And in the US we have a much longer history of accepting genetically modified foods into our food system. Europe is a different story and they have been much more strict in terms of the treatment of genetically modified ingredients and genetically modified foods in general.
CURWOOD: Now, the Food and Drug Administration, the FDA, has opted not to certify the key plant protein in the Impossible Burger as GRAS, as Generally Recognized As Safe. Tell me, what does that mean and how important is that distinction, do you think?
BROAD: So, the FDA situation with impossible Foods is a little complicated. They haven't said that the hemoglobin ingredient is not safe, but what they have said is that it has not passed their Generally Recognized As Safe requirement as yet. They're looking for more testing from the manufacturer, from Impossible Foods, to meet this, what's called GRAS, requirement. So, when people often hear, “Oh, FDA says this is not Generally Recognized As Safe,” they’re a lot of times thinking, “Oh this must mean they're saying it's unsafe”.
That's not what the FDA is saying. What the FDA is saying is, “We need more testing here to give it this designation”, but I think the history of the FDA and the history of food science and technology suggests we're likely to see these ingredients getting Generally Recognized As Safe designation and even without all these formal designations, being consumed by the public as we consume lots of things that are in these sort of gray areas from the FDA perspective.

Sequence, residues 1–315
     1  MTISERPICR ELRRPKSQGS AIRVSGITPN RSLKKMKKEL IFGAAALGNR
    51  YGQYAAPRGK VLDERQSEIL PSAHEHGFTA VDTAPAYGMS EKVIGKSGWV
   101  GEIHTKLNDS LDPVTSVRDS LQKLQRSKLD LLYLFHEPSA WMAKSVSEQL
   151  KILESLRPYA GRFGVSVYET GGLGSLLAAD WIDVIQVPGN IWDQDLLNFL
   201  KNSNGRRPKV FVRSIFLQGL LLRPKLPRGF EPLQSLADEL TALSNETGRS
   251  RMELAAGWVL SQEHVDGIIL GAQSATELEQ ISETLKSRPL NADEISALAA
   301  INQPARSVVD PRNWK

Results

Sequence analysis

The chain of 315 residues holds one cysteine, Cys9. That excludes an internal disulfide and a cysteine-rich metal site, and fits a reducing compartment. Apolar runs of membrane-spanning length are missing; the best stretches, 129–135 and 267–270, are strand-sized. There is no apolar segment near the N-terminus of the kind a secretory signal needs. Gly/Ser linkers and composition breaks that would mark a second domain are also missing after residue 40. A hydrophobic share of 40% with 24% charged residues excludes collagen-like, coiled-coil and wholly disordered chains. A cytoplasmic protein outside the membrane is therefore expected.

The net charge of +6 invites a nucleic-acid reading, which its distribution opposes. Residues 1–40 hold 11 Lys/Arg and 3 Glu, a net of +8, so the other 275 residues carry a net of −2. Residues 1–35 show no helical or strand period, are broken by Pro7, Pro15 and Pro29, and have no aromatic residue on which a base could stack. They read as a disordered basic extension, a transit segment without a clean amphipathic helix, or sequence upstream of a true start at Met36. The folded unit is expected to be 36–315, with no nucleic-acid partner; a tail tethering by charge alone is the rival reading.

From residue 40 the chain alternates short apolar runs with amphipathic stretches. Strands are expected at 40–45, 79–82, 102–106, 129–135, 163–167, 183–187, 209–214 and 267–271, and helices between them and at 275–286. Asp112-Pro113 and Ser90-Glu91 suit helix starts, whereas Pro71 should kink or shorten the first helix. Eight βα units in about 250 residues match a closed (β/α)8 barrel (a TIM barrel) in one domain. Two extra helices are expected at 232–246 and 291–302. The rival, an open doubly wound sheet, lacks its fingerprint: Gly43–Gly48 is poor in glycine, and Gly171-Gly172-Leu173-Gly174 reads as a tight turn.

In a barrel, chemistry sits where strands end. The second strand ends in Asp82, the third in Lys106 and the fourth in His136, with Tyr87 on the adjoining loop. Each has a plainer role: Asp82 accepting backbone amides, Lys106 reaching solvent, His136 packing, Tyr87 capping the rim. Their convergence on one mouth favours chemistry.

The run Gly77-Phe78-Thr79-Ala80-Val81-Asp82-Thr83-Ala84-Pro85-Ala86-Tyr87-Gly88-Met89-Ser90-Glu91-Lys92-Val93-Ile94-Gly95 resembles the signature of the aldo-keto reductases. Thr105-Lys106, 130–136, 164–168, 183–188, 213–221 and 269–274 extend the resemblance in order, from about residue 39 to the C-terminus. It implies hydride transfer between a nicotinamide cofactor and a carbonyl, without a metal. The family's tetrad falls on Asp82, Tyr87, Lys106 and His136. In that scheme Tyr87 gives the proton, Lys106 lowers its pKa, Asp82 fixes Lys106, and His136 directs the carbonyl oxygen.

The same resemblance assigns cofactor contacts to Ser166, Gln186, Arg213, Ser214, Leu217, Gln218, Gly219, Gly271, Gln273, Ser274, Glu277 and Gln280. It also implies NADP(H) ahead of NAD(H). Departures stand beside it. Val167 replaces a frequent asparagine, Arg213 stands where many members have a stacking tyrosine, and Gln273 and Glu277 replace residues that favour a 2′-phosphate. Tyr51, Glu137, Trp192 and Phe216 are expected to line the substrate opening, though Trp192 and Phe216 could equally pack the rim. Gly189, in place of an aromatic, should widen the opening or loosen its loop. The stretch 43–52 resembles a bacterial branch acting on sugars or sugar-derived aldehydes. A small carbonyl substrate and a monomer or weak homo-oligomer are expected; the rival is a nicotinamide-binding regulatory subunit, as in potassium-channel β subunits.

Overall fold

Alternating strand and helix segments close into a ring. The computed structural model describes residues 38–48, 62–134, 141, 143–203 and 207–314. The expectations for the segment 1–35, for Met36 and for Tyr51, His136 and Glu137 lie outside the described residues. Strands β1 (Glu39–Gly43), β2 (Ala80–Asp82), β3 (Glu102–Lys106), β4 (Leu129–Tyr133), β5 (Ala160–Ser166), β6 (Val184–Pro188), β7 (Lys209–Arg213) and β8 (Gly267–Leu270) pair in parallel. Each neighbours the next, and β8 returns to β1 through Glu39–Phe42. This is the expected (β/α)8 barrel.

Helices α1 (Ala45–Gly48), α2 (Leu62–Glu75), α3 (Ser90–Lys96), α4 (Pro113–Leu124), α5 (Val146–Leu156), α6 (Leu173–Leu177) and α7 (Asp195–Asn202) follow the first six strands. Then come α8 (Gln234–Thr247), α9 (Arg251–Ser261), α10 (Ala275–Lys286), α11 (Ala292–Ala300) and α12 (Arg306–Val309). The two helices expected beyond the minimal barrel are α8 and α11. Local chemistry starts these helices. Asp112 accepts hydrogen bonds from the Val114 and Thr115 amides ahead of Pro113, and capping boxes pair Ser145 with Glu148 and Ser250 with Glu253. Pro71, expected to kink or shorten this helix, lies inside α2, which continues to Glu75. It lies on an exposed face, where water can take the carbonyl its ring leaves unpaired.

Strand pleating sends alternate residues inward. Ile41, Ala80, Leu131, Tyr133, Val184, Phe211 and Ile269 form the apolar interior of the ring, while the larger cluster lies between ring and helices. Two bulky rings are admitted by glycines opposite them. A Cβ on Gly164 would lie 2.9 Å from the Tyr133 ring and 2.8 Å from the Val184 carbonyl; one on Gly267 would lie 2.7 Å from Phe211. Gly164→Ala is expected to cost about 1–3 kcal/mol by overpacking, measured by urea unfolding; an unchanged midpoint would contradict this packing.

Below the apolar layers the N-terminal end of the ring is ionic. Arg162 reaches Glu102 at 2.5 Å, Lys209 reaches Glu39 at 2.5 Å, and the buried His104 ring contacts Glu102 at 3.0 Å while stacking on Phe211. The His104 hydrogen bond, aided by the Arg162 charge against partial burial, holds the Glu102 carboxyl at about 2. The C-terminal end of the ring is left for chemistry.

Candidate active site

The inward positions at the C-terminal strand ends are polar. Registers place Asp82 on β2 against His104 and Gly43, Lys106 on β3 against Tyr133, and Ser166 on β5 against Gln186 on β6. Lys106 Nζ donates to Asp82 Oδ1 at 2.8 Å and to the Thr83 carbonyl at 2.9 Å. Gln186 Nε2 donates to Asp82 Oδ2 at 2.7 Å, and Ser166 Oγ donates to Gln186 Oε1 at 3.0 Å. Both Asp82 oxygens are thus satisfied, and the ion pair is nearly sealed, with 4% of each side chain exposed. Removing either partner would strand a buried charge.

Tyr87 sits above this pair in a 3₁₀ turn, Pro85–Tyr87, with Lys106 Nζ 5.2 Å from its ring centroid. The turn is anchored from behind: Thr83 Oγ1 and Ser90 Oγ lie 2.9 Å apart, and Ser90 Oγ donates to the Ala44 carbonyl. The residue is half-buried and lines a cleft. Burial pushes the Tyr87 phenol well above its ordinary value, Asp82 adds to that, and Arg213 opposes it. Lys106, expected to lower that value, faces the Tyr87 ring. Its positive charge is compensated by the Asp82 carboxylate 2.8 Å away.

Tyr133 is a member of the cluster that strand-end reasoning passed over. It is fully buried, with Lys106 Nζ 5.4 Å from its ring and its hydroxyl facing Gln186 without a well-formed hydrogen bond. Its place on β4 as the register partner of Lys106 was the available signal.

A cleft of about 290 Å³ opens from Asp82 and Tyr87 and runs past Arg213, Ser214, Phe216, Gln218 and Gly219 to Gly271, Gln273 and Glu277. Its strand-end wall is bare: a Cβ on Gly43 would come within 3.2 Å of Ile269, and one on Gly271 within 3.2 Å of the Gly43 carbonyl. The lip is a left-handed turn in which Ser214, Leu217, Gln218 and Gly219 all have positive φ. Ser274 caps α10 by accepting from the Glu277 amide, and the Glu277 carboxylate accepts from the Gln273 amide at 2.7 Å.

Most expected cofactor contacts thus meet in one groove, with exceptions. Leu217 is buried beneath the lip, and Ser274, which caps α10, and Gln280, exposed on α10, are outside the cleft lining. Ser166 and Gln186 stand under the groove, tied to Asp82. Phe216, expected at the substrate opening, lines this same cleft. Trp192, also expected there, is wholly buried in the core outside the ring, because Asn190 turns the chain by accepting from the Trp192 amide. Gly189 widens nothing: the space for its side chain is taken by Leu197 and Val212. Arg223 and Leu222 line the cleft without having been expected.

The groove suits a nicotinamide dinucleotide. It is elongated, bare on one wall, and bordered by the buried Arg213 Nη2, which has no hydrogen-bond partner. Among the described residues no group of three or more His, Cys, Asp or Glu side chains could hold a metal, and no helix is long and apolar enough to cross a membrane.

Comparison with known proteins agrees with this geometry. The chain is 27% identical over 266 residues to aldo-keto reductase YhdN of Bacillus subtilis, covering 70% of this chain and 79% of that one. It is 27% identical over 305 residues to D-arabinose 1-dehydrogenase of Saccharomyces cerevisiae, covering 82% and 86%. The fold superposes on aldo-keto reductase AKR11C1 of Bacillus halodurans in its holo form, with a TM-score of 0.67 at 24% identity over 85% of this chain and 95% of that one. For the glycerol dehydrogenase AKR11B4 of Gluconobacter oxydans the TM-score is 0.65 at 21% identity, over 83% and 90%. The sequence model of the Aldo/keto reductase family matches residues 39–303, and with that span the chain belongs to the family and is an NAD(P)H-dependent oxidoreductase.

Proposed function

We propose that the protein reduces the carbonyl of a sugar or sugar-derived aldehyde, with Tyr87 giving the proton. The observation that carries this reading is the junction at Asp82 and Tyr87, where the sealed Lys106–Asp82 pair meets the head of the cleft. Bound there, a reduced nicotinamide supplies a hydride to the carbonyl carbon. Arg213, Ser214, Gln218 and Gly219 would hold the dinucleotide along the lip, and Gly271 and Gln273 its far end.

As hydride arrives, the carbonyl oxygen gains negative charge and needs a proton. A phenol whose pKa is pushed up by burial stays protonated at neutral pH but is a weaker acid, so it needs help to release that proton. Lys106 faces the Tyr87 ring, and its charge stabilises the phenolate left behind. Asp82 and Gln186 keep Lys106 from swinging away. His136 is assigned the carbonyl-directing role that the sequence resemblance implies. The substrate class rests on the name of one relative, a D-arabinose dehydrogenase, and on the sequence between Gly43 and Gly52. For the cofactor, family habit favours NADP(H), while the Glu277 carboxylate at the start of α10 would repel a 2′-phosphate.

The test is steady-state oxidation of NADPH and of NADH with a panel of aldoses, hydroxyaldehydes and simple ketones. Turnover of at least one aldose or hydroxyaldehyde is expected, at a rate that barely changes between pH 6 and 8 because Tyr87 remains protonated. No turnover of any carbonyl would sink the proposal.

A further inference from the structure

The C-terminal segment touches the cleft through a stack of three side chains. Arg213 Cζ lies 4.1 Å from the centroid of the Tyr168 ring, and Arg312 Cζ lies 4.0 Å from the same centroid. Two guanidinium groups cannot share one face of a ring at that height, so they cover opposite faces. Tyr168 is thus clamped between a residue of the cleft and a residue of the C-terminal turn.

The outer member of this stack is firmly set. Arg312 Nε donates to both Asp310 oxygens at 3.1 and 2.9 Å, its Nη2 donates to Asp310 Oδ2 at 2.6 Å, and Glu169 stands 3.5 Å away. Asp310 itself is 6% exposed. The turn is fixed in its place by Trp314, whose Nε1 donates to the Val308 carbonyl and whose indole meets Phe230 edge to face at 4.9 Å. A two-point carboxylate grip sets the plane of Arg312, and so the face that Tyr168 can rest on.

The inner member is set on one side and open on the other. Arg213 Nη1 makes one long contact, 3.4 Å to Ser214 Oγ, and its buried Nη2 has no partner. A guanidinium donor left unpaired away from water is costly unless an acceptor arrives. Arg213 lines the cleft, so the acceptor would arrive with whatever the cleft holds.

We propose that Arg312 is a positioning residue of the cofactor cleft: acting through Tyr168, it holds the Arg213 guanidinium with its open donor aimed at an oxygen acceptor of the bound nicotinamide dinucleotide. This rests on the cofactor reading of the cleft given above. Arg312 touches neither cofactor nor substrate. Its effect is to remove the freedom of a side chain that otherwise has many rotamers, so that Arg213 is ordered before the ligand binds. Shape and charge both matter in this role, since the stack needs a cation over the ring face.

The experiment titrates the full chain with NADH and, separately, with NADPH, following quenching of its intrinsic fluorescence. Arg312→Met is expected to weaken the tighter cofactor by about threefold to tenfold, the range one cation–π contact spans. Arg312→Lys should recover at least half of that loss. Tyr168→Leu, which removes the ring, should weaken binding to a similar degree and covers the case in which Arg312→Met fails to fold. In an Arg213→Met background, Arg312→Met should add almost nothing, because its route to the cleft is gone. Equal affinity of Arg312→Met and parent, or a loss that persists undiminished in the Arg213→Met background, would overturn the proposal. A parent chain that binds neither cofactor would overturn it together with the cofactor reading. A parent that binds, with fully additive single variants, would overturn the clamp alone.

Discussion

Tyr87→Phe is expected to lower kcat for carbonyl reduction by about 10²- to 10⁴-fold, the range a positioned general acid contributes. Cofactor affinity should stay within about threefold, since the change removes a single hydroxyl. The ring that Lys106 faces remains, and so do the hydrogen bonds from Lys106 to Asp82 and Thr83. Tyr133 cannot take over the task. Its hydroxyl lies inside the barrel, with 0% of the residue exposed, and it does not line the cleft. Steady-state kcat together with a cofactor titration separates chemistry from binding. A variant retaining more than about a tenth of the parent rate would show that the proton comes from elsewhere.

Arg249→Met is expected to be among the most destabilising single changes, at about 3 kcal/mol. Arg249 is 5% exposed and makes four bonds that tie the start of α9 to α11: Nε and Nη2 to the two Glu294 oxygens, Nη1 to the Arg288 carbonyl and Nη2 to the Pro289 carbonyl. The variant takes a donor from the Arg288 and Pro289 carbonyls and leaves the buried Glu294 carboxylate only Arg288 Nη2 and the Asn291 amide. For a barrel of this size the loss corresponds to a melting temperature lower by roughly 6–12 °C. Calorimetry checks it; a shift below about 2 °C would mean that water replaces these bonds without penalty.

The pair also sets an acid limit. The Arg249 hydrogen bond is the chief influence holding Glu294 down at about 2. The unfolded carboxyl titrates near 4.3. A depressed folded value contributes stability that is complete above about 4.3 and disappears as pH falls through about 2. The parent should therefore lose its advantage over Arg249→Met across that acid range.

CURWOOD: So, how much dough is invested in Impossible Foods and the other meat alternatives generally do you think?
BROAD: Well, "do you think" is the big important part of that question because a lot of the stuff this things that we don't know. Right? These are private companies that keep information about funding pretty tight to the vest. We do know that Impossible Foods had a recent funding round that was in the $75 million dollar range, so they've had a couple hundred million dollars put into them at this point. Other companies in this space like Beyond Meat have gotten, you know, several tens and hundreds of million dollars investment from a variety of venture capitalists, but a lot of the entrepreneurs won't tell us exactly what they're working with.
CURWOOD: So, what are environmental groups and food activists saying about Impossible Foods and the Beyond burger and so forth?
BROAD: I don't think that environmental groups and food activists speak with a unified voice on this topic. There are some who are generally supportive of this development in large part because they recognize the environmental harms that are caused by contemporary animal food production; however, there are certainly some other groups that have raised concerns.